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MLB Draft Should be Pushed Back

MLB Draft

The first round board of the MLB draft

The Major League Baseball First-Year Player Draft held its first and second rounds last night, June 5th. The rest of the draft will conclude on the 6th and 7th. MLB has taken the route of the NFL and NBA and made its draft into a prime time televised event to take advantage of the marketing opportunities and fan base.

While it doesn’t make sense to hold the MLB draft in the off-season like other sports because of the collegiate and high school baseball schedule, there could be an adjustment to the timing of the draft.

If the MLB draft was held just a few weeks later after the College World Series is finalized, it would make the CWS that much more competitive for the athletes competing in it. Since the draft is held before the Super Regionals even take place, the need for players to perform well in the last part of their seasons is negligent. In fact, it even deteriorates what some teams have worked all season for as draftees are already looking ahead to their professional careers and contracts they will be signing.

This does not affect all players drafted. High school players have already finished their seasons by the time the draft takes place. Division II, Division III, NAIA, and junior college players have also completed their seasons and post-season runs. However, the majority of players that get airtime and coverage are the Division I players. By shifting their attention to the MLB draft, whether or not they will go pro (for underclassmen), and worrying about how much money they will get, the college players have little reason to continue to put all their time and energy into the rest of the college playoffs.

Teams have short season rosters and teams in place regardless, and because the players drafted are not going to impact a Major League roster until the following season at the earliest anyways, MLB should allow these players to finish out the college season before trying to lure them into the professional ranks.

A recent season by the Florida Gators shows how this could have impacted drafted players in their run at winning the College World Series. In 2012, Florida was 47-20 and reached the CWS being the number one national seed. They swept the Gainesville Regional by defeating Bethune-Cookman and Georgia Tech. Florida then swept NC State in the Super Regional.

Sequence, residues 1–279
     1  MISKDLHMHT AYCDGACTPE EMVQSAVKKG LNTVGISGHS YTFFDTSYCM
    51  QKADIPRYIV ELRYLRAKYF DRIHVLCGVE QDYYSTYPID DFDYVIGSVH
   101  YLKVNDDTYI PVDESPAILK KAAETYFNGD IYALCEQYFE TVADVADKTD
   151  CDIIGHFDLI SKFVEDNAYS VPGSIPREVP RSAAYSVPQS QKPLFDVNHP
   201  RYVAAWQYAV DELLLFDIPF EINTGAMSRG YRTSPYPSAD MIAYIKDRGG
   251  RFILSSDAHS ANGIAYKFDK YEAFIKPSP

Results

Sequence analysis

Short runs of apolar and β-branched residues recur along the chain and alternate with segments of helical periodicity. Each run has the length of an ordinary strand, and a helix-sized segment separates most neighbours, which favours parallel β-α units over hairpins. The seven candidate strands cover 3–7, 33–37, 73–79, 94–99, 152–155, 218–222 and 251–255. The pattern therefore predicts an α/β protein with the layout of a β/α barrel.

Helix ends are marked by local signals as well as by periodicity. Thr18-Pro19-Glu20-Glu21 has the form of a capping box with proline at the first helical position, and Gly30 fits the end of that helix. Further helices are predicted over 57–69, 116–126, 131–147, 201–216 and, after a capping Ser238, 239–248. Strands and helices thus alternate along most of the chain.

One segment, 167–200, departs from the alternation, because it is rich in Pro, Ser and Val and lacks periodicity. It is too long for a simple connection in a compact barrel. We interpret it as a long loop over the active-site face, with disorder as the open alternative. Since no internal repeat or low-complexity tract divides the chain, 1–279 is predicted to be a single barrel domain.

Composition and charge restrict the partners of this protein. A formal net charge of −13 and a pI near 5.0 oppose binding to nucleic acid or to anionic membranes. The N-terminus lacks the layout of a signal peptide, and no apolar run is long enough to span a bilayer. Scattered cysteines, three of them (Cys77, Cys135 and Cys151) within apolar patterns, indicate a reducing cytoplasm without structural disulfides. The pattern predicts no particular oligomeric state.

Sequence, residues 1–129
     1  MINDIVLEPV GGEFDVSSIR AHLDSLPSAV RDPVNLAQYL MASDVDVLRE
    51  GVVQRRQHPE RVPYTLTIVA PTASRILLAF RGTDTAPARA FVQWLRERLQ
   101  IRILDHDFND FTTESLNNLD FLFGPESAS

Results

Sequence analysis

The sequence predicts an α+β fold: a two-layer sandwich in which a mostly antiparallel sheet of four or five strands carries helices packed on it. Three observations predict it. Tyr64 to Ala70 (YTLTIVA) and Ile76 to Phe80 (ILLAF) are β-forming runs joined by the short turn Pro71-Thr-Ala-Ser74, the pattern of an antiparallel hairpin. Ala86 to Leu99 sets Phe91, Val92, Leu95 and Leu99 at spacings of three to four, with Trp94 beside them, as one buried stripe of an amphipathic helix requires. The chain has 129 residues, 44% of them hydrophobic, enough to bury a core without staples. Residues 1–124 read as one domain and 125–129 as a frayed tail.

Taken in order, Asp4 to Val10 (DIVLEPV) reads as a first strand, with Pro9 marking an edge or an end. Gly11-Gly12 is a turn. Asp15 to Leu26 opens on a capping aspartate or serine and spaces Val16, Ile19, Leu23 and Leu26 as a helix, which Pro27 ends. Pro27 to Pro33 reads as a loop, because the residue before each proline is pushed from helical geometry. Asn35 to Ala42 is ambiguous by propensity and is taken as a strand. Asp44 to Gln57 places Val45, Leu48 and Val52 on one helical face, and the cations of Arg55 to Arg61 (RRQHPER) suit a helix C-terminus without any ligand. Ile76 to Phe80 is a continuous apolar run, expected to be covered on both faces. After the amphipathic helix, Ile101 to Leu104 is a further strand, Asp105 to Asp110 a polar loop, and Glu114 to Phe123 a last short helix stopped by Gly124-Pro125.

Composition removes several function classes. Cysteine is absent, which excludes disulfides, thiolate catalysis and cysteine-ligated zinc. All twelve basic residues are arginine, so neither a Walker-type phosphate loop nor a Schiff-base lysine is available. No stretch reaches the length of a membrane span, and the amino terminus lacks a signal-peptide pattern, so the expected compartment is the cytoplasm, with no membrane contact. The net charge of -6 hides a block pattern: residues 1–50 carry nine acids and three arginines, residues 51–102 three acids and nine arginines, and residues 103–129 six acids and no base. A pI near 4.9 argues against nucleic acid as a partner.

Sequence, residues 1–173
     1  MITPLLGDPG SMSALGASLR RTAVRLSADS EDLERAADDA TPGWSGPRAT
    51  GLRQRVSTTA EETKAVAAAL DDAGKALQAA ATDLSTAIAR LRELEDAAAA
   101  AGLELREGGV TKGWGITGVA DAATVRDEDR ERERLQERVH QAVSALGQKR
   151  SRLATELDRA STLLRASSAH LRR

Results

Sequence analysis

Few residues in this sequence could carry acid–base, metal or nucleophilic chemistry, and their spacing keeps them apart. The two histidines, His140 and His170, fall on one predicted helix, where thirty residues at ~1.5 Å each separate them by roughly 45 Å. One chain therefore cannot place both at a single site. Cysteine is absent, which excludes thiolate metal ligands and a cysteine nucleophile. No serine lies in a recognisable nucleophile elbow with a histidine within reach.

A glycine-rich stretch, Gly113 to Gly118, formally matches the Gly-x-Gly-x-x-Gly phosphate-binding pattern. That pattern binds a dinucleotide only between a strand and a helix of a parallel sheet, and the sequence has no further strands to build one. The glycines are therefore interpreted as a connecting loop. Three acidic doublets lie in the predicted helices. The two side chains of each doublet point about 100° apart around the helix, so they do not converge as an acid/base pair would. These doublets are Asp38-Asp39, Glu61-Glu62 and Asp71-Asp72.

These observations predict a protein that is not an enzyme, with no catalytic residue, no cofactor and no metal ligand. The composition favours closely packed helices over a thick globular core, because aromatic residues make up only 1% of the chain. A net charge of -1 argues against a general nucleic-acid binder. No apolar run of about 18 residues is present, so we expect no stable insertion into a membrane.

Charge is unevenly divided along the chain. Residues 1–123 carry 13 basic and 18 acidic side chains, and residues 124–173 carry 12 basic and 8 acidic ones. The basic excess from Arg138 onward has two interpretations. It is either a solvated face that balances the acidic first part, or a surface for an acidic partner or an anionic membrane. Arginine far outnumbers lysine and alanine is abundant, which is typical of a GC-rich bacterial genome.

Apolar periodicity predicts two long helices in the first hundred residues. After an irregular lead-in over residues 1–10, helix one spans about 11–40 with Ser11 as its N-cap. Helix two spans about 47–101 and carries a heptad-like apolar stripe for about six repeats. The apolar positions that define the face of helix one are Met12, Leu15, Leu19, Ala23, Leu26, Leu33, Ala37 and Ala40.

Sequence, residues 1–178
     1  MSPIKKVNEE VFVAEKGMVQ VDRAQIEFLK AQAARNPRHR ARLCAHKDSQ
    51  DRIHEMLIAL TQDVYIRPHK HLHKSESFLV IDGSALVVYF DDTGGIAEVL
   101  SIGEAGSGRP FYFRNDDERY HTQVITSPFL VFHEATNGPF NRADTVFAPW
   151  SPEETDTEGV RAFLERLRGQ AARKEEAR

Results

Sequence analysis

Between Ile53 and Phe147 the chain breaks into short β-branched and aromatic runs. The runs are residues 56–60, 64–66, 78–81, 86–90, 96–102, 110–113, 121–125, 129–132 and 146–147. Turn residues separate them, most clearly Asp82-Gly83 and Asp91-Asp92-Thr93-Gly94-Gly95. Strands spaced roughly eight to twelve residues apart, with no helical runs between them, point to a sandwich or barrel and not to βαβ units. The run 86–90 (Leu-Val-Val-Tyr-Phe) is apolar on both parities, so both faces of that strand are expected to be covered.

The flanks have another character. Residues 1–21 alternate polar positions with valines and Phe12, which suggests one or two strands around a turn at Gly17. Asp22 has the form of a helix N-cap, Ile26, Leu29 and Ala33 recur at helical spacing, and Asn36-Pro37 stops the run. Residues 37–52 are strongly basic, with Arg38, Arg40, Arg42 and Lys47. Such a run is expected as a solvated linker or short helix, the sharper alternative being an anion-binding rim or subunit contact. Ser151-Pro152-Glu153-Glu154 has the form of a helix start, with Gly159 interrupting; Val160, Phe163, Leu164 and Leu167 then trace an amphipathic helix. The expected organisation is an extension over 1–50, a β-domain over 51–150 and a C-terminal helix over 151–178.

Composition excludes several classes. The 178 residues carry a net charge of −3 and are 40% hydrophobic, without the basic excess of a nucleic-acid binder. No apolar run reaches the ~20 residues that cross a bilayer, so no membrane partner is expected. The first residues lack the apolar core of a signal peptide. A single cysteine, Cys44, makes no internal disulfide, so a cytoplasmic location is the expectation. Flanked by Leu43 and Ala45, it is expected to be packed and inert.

Once the Gators were in the College World Series in Omaha, many of their star players had already been chosen in the MLB draft:

Mike Zunino (C) Seattle (1st)
Brian Johnson (LHP) Boston (1st)
Nolan Fontana (SS) Houston (2nd)
Steven “Paco” Rodriguez (LHP) L.A. Dodgers (2nd)
Austin Maddox (RHP) Boston (3rd)
Preston Tucker (OF) Houston (7th)
Hudson Randall (RHP) Detroit (7th)
Daniel Pigott (OF) Cincinnati (9th)
Greg Larson (RHP) Boston (20th)

 

Nine players in total were drafted from the 2012 Florida baseball team that was about to play in Omaha for the College World Series. Zunino was the third overall pick and there were five players taken in the first three rounds. You can imagine how the excitement and locker room chatter shifted from the CWS opening opponent to how big of a signing bonus each player would receive.

The Gators went on to lose their first two games in the CWS and were one of the first teams eliminated. I’m not saying that the players were less focused and less determined to win, but it is hard to believe that they certainly were not distracted in Omaha with so many of them about to embark on their professional careers.

Had the MLB draft been held after the College World Series, the Florida players and other draftees from the rest of the teams, might have felt they had more to prove and played better in Omaha. Maybe they wouldn’t have. It leaves much to question though about why Major League Baseball can’t wait just a few more weeks for the draft to take place.

MLB draft at the end of June?

The All-Star game is in July, and there is so much going on around that time that it would be hard to have enough focus and manpower to concentrate on both the draft and the festivities surrounding the All-Star game. However, it would benefit the college players that are still in their seasons to postpone the MLB draft.  Moving it to the end of June would allow the CWS to conclude and for all eligible players to be finished with their seasons before worrying about their professional future in baseball.

MLB Draft

Pushing back the MLB draft would benefit the college players still in season

Imagine if the NFL held its draft the week before the bowl games, or if the NBA held its draft the weekend before March Madness began. It would be detrimental to the players who were drafted and for their teams since there would be less motivation to win and impress scouts since they already knew who was drafted and who was not.

There is leverage to change the MLB draft, and it needs to be utilized. It may be great to talk about the players in the College World Series who were drafted and how they project going forward, but the focus should be on the college teams up until the season is over. It is not fair to the players being drafted, their teammates who are still competing for the college championship who were not drafted, the coaches who have put in the time to prepare their teams all year long, and the fans who want to see athletes performing at their peak.

Like I said before, not all players are affected by the timing of the draft. Most potential draftees are sitting around for weeks waiting to hear if their name is called. They can wait a few more weeks and so can Major League Baseball. Players play the game to reach the professional ranks, but leaving something on the table in the Super Regionals and College World Series should not happen.

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